Director Skills in Japan: The Picture Worth 1,000 Words

Take a look at the chart below, from materials recently published by the FSA’s Committee on the Stewardship Code and the Corporate Governance Code.  This is from an analysis of ALL directors (both executive and non-executive) at TSE1 firms that disclosed a skills matrix in 2019.  From left to right, the categories are: a) technology; b) finance and/or accounting; c) executive management experience; and d) global (international) experience.  Can you guess which country is the dark blue bar?  Yep, that low guy is Japan. Right across the board.

Director skill gaps in Japan - BDTI

There are alarming skills deficits on Japanese boards, especially in finance and accounting.  It is scary, when you consider that the board you are sitting on is approving the financials each quarter.  In fact, the most common feedback that The Board Director Training Institute of Japan (BDTI) gets in post-course surveys is a comment like, “Thanks, I learned a lot of essential things.   Most of all,  I realized how little I understand finance, and how much more I have to study it.”   Even though we teach about finance topics for almost three hours in our first-level course, we are only scratching the surface because the average level of knowledge of participants is so low.  This is the reason why BDTI is now designing a longer, intensive course focusing on finance for directors.  (Please contact us if you are interested. )

One reason Japanese boards don’t have as many persons who understand technology could be because they give a larger percentage of their outside board seats (than in other countries) to lawyers, accountants, and academics.  Moreover, even though almost 65% of outside directors are persons coming from senior management backgrounds, they very often hail from completely different industries, so do not understand technologies related to the company in question.  (This creates an “asymmetry of information problem”. Deep down, executives may prefer those persons as outside directors precisely because they are unlikely to be able to question management’s decisions. )

But the biggest reasons for the skill/experience gaps you see in the chart is that so many board seats are given to executive directors.  These persons are normally in the majority, and they rose through the ranks of a  limited number of vertical silos and did not receive training about the other silos.  Having so many “insider” executive directors means: a) we can’t possibly have as many persons with top management experience, since out of the majority of executive directors, obviously only one, two or maybe three will have had a very senior post at the company in questions.  Stating the obvious, unlike a US or European board, we can’t possibly have as many persons with senior (CEO, CFO, or COO) experience at other companies, because we have so few directors from other companies.

Another reason for the gaps, is that most companies still prohibit their executives from sitting on other companies’ boards (兼務の禁止). Unlike in other countries, where companies might think for Mr./Ms. X to serve as an outside director might round out that executive’s experience base and give him or her perspectives that might help his/her own firm later on, Japanese companies take the position that “we are not paying our executives to work for someone else and make more money than the rest of us.”.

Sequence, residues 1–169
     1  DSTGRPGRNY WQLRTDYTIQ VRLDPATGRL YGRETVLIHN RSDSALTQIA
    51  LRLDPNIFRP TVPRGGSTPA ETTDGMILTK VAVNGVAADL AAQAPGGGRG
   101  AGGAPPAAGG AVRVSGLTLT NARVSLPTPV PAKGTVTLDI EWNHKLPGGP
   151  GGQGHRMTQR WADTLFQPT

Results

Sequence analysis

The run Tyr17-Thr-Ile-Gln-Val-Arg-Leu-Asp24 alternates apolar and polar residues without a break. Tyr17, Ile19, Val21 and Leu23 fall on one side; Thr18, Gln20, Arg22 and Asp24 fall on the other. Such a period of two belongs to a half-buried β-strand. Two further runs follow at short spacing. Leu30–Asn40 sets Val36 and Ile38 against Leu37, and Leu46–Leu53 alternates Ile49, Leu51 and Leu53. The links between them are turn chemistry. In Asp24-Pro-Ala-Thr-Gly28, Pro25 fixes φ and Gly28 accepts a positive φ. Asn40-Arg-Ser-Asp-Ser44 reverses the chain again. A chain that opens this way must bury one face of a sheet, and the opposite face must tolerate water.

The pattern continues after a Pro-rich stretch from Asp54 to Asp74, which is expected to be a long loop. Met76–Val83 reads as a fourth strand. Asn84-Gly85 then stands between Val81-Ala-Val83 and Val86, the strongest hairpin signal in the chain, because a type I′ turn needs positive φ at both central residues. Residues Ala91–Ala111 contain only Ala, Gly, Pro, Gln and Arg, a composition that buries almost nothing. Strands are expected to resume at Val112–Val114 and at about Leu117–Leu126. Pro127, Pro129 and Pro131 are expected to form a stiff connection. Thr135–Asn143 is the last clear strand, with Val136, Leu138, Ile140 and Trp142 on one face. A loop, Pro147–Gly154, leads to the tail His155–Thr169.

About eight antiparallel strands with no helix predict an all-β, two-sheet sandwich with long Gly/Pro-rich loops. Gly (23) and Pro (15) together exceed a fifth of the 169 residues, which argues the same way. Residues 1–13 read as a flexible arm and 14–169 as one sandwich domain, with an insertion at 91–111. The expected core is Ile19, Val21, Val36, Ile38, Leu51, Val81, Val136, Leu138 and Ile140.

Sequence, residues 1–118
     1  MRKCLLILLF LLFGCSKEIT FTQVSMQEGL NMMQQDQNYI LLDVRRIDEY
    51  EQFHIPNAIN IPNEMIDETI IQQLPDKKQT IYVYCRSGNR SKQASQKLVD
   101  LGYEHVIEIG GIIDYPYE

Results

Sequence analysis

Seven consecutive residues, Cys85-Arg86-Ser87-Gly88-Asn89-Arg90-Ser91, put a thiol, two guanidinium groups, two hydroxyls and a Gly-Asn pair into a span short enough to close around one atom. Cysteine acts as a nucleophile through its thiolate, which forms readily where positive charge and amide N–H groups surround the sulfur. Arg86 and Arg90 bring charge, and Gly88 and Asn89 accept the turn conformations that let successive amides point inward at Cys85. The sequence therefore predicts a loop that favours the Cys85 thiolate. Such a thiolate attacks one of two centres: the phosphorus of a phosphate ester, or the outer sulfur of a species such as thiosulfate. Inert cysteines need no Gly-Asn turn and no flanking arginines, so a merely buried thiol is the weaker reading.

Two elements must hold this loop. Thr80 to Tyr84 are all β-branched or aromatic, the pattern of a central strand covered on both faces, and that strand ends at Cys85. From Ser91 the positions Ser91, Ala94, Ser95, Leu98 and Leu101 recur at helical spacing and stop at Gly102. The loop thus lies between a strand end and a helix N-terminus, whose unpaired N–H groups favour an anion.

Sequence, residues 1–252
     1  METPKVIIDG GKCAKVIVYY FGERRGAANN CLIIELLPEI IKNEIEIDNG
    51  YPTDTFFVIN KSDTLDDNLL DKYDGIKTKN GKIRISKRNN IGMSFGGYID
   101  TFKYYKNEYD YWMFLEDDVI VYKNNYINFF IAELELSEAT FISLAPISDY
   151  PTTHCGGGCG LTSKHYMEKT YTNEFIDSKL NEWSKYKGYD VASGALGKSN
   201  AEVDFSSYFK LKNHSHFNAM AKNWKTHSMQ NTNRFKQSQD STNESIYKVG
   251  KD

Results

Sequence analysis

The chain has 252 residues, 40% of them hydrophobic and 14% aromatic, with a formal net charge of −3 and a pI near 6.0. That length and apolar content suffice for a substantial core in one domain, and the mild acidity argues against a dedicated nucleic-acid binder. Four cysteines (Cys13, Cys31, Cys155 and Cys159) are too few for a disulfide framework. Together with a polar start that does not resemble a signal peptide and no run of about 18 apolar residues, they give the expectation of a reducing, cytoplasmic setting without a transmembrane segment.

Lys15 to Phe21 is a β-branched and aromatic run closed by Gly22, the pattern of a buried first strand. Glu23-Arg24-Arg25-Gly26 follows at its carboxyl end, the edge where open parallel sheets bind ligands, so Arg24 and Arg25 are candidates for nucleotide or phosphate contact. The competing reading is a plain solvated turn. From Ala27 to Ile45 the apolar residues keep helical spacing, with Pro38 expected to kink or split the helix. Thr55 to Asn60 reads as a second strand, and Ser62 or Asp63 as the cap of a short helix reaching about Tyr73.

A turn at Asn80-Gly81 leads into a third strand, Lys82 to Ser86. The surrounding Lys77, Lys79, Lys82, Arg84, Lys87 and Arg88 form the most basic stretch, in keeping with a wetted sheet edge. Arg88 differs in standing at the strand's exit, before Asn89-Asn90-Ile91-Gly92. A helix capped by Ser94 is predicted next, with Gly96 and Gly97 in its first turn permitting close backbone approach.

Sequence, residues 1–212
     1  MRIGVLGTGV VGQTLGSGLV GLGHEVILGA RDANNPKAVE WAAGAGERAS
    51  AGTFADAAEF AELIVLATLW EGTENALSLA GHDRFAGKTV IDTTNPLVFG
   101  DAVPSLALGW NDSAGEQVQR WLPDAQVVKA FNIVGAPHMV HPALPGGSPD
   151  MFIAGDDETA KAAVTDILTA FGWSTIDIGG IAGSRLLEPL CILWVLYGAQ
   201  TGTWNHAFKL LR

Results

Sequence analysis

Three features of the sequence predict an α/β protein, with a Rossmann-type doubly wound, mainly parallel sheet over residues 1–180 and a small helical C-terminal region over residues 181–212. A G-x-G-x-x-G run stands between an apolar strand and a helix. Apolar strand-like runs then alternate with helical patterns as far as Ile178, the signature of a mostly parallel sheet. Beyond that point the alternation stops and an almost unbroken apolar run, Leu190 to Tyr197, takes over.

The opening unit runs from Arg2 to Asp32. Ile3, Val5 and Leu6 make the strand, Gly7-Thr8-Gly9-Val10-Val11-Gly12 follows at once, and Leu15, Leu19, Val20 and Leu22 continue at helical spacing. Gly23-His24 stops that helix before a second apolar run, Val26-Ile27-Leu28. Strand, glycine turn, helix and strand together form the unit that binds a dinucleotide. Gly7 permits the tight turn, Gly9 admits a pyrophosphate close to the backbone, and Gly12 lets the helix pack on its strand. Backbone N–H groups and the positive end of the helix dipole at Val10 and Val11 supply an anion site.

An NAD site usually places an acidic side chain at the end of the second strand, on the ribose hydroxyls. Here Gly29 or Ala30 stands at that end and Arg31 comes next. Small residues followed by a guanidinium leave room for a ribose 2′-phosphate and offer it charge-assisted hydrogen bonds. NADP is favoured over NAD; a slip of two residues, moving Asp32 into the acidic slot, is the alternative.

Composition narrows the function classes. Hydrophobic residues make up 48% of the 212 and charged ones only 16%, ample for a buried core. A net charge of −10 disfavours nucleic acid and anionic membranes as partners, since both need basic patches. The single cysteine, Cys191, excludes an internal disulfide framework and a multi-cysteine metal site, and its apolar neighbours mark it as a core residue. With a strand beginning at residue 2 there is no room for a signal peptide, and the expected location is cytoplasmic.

Off course, all of this points to the obvious needs to:

  1. loosen up constraints on taking director jobs at other companies;
  2. devote more time and expenses to training managers about finance, earlier in their careers
  3. have executives and outside board members swallow their pride and receive much more serious, in-depth  director training
  4. have internal executives also do so at an earlier stage – i.e. before asking shareholders to vote for them;
  5. increase the number of independent outside directors, especially those who don’t mind refining or adding to their skills; and
  6. add more foreigners to Japanese boards.

As you can see, to just focus on training for outside directors, as METI and FSA seem to be doing now, is to only focus on 35% of the problem, or even less: the group of directors who do not control the board, and usually do not think they need training or want to admit it. The outside directors are also the group who are hardest to train before asking shareholders to vote for them. There is not much time before the AGM, and many outside director candidates would be a bit insulted if they were asked to attend a training course, even if paid.  In contrast, a company can simply order internal executives to get training.

The reality is that each board is a team, and its members need to have both diversity as well as minimal “director” skills, in order o function well.  The best boards are those with the humility to: a) get training for the whole board together, with an open mind to new topics, and b) make director training for executive officers a mandatory internal requirement, and publicize that policy.

Nicholas Benes

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